My short story reading is scattershot at best, but I have come across some serious favorites over the last few years. When a friend asked for recs, I realized I didn’t have them easily to hand. So here’s a good start, and I’m sure I’ll add more later as they occur to me. (Disclosure: Amazon links are affiliate links.)
Any book on this list I loved at the time I read it, whether I had a chance to write a review or not. Obviously a re-read years later might reveal a problematic aspect I didn’t pick up on back then. Please let me know via my contact form if you find something yikes in a book I recommend.
Available To Buy Individually
I highly recommend this aromantic Chinese fairytale about two immortal beings – a dragon and a phoenix, passing as humans – who make their living at an opera house. Love to see representation of queerplatonic relationships, and Kan did a great job biting off just a small little bit of story and doing it justice.
Kan has written that it “explores the love that comes from a millennia-long companionship, as well as the love one can have for one’s passions.” That rings quite true after reading it.
“When an uncommon housekeeper meets an unconventional mage, both women’s lives are irrevocably changed. Ancient peril threatens from another world, but their bond could be the catalyst for deliverance.”
Wonderful fantasy short story with so much subtle worldbuilding, a truly scary magical threat, and the quiet beginnings of a sapphic romance.
I’m not sure how Green packed so much into such a small space but I’m impressed. Definitely worth reading!
Interesting and lovely historical paranormal novella set in Cornwall, about smugglers and magic, with a sapphic subplot and perfect hints of big worldbuilding behind it. The first thing I read by Datt Sharma, and I liked it so much that I immediately went to look up their other work. That ended up being a good decision.
“Magic, in common with all things, is passing from this world. In a coastal village in eighteenth-century Cornwall, Penhallow — an honourable smuggler par excellence — has more pressing problems. One of her boys has just been hauled up before the magistrates. A mysterious King’s messenger has arrived from London. Something nasty — and possibly magical — is afoot in the smugglers’ caves beneath water. And then there’s Trevelyan, the town’s austere, beautiful Revenue officer…”
Captivating short story from one of my fave short story authors (who is now a friend) about a gay man who enters a “haunted” house for the filming of a reality television show, and comes out… different. I don’t want to spoil anything as it’s quite short, but my two favorite things about this were (1) the use of language as much as behavior to cue the reader something is happening and (2) how the happy ending isn’t at all what I think most of us would expect, and all the more interesting for it.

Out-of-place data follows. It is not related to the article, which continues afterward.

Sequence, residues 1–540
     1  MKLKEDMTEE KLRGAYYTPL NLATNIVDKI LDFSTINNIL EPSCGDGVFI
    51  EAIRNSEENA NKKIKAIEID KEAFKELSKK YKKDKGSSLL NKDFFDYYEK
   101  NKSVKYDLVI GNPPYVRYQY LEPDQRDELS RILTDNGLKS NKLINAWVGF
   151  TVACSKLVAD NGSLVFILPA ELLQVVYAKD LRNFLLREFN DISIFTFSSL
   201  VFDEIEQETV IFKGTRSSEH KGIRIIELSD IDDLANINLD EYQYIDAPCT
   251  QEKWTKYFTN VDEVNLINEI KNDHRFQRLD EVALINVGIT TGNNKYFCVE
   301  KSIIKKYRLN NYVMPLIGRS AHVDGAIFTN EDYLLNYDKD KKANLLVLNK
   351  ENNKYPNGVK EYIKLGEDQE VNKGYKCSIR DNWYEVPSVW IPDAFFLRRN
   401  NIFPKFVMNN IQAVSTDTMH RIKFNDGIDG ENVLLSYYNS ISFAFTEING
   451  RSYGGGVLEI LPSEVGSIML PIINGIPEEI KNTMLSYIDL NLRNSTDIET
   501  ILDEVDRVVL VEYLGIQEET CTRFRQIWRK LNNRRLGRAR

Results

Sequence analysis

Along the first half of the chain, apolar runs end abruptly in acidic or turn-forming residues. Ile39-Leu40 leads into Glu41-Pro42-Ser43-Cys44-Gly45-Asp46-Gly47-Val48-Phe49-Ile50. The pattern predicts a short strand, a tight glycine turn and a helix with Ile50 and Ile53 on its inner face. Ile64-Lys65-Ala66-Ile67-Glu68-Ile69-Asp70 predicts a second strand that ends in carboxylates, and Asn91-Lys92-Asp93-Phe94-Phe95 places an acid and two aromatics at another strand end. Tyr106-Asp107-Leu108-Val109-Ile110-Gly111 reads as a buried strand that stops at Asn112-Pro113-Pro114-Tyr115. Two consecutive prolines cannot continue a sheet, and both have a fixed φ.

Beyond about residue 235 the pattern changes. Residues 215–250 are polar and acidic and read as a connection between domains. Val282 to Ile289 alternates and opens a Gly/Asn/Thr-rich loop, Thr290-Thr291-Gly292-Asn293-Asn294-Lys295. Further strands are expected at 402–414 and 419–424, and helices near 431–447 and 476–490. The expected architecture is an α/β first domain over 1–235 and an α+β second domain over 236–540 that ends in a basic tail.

A fantasy short story with HUGE worldbuilding and a stark look at the aftermath of teenage wizards fighting evil (i.e. child soldiers). Jack Swift, the main character, was one of those teenage wizards who overthrew an evil regime. Now someone in the new government – which isn’t as shiny as it was supposed to be – wants the surviving wizards dead.
Jack connects with Owen Finch, a young man who’s part of the resistance, and together they track down who’s at the center of the attacks. I loved Jack’s darkness, Owen’s light, and the struggle between them to do what’s right, when they both have different understandings about what that is. The magic system is fascinating.
A dystopian short story about an anonymous assassin who almost dies during a mission, the security video operator who secretly saves him, and the dramatic (in a good way) connection between them.
And that’s all I’m gonna tell you so I don’t spoil it! After reading it twice, I still don’t know how a short story was able to clobber me so hard. In my imagination, Genao was all “Do you want to feel a lot of things today?” and I was all “No, actually I’m kind of busy” and he was all “TOO BAD!” So beautifully, so elegantly constructed, and so human.